raise ParseError, "#{message} at #{pos}"
  end

  class ParseError < StandardError; end
end

Here's a testsuite:

require 'test/unit'
class TestTclArrayParser < Test::Unit::TestCase
  def test_that_an_empty_string_parses_to_nil
    assert_nil TclArrayParser.new('').parse
  end
  def test_that_a_whitespace_string_parses_to_nil
    assert_nil TclArrayParser.new("  \t  \n  ").parse
  end
  def test_that_an_empty_array_parses_to_an_empty_array
    assert_equal [], TclArrayParser.new('{}').parse
  end
  def test_that_an_empty_array_with_whitespace_at_the_front_parses_to_an_empty_array
    assert_equal [], TclArrayParser.new(' {}').parse
  end
  def test_that_an_empty_array_with_whitespace_at_the_end_parses_to_an_empty_array
    assert_equal [], TclArrayParser.new('{} ').parse
  end
  def test_that_an_empty_array_with_whitespace_inside_parses_to_an_empty_array
    assert_equal [], TclArrayParser.new('{ }').parse
  end
  def test_that_an_empty_array_surrounded_by_whitespace_parses_to_an_empty_array
    assert_equal [], TclArrayParser.new(' {} ').parse
  end
  def test_that_an_empty_array_with_whitespace_at_the_front_and_inside_parses_to_an_empty_array
    assert_equal [], TclArrayParser.new(' { }').parse
  end
  def test_that_an_empty_array_with_whitespace_at_the_end_and_inside_parses_to_an_empty_array
    assert_equal [], TclArrayParser.new('{ } ').parse
  end
  def test_that_an_empty_array_surrounded_by_whitespace_with_whitespace_inside_parses_to_an_empty_array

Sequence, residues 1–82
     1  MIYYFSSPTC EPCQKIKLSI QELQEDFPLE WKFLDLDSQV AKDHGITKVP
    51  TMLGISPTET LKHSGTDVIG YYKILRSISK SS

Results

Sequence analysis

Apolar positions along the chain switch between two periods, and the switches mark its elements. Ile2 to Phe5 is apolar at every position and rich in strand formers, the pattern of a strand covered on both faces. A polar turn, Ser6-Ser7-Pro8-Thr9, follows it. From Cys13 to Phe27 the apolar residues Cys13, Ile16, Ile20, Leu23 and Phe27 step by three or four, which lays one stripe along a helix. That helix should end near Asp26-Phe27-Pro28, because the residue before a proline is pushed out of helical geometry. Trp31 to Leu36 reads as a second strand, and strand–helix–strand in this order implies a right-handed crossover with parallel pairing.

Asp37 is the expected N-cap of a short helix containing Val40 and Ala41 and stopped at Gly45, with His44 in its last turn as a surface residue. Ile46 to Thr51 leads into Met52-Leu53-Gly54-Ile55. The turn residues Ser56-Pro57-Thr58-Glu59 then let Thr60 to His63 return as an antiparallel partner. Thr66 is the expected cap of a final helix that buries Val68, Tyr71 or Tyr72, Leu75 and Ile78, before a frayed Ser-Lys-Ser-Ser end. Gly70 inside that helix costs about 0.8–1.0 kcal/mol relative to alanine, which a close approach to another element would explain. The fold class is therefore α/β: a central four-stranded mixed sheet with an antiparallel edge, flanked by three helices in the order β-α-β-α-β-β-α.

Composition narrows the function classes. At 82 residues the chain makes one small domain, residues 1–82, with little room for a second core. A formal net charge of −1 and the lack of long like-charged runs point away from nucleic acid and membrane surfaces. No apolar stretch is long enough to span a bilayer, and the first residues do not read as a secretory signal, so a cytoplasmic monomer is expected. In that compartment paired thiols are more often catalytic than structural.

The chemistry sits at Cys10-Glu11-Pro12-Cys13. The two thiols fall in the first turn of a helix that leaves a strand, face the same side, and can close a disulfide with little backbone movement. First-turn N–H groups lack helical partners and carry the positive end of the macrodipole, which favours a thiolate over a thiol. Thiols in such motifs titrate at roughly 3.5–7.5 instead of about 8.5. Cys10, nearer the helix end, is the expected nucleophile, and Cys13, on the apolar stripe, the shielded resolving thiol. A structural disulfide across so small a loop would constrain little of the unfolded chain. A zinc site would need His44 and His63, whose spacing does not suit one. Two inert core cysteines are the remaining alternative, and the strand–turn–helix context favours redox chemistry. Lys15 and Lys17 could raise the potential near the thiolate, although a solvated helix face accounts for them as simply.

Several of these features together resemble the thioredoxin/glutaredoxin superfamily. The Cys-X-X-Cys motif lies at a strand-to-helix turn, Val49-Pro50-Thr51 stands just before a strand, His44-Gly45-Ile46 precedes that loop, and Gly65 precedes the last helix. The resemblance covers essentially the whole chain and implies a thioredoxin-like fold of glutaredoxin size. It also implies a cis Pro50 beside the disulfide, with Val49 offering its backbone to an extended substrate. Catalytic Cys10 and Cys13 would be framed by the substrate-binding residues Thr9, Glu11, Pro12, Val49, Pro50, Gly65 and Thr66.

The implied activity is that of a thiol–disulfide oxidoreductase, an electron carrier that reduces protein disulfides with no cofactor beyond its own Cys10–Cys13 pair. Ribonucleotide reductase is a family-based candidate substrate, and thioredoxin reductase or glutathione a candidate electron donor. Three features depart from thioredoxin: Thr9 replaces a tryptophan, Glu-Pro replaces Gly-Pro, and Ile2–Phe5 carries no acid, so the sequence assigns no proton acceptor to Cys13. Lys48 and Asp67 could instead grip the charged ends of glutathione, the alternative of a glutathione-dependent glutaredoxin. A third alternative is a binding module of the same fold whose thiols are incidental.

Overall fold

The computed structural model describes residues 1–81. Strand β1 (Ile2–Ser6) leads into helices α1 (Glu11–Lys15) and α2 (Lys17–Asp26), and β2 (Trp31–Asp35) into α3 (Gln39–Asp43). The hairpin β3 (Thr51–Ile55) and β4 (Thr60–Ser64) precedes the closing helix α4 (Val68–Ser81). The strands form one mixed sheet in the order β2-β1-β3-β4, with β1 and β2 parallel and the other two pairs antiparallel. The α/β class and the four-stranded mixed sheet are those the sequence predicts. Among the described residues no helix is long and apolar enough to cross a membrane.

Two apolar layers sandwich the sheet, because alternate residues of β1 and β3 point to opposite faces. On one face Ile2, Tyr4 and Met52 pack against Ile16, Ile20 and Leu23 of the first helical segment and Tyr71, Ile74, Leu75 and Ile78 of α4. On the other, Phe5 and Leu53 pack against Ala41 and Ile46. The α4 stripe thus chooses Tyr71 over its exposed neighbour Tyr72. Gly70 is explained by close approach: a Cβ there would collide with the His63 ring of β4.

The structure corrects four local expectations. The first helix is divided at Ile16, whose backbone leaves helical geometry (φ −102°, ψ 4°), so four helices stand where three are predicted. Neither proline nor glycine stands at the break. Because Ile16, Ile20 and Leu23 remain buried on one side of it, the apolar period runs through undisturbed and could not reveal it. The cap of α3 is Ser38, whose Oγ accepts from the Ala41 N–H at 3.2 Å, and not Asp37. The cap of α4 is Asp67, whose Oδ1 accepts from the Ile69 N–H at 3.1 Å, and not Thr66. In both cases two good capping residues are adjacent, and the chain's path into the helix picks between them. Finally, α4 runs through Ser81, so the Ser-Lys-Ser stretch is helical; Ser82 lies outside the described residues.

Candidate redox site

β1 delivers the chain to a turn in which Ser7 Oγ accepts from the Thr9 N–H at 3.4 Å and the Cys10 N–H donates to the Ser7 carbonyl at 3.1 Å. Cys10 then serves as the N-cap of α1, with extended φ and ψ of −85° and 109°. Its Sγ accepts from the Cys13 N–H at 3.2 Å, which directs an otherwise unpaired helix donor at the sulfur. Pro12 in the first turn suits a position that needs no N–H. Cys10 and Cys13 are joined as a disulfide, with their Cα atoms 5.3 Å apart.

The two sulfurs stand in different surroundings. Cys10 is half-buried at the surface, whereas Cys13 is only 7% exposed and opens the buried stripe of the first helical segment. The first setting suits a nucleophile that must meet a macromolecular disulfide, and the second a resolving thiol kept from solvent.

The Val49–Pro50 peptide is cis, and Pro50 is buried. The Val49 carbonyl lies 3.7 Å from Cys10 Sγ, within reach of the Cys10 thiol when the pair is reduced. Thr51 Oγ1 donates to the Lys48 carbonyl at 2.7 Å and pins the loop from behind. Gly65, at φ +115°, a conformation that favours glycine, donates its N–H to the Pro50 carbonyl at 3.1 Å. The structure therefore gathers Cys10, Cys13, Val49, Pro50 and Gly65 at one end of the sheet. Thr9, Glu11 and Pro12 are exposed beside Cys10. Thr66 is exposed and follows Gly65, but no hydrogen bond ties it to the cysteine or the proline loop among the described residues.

assert_equal [], TclArrayParser.new(' { } ').parse
  end
  def test_that_a_sole_element_parses
    assert_equal 'a', TclArrayParser.new('a').parse
  end
  def test_that_an_array_with_one_element_parses
    assert_equal ['a'], TclArrayParser.new('{a}').parse
  end
  def test_that_a_nested_array_parses
    assert_equal [[]], TclArrayParser.new('{{}}').parse
  end
  def test_that_a_nested_array_with_one_element_parses
    assert_equal [['a']], TclArrayParser.new('{{a}}').parse
  end
  def test_that_whitespace_is_ignored
    assert_equal [], TclArrayParser.new('     {     }     ').parse
  end
  def test_that_complex_arrays_parse_correctly
    assert_equal ['a', %w[b c], 'd', %w[e f], 'g'], TclArrayParser.new('{a {b c} d {e f} g}').parse
    assert_equal [%w[aa bb], %w[b c], 'd', %w[e f], 'g'], TclArrayParser.new('{{aa bb} {b c} d {e f} g}').parse
    assert_equal [[], %w[b c], 'd', %w[e f], 'g'], TclArrayParser.new('{{} {b c} d {e f} g}').parse
    assert_equal [[], ['b', 'c'], 'd', ['e', 'f'], 'g'], TclArrayParser.new("\n{\n{\n}\n{\nb\nc\n}\nd\n{\ne\nf\n}\ng\n}\n").parse
  end
end
share|improve this answer
    
You've provided an admirable solution to the problem at hand, so many thanks. :) That said, the simplest solution probably would have been to learn a bit of TCL and write something to output the array in something that ruby could understand, but I saw this as an opportunity to take a little refresher on parsers. Therefore, I'm still curious to know what I'm doing wrong. I can't tell if this a defect in Treetop or a defect in my understanding thereof. In any case, many thanks for your hard work! –  enki Mar 17 '10 at 7:36
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Noting this for reference, but I've just released a gem for parsing simple TCL.

https://github.com/julik/tickly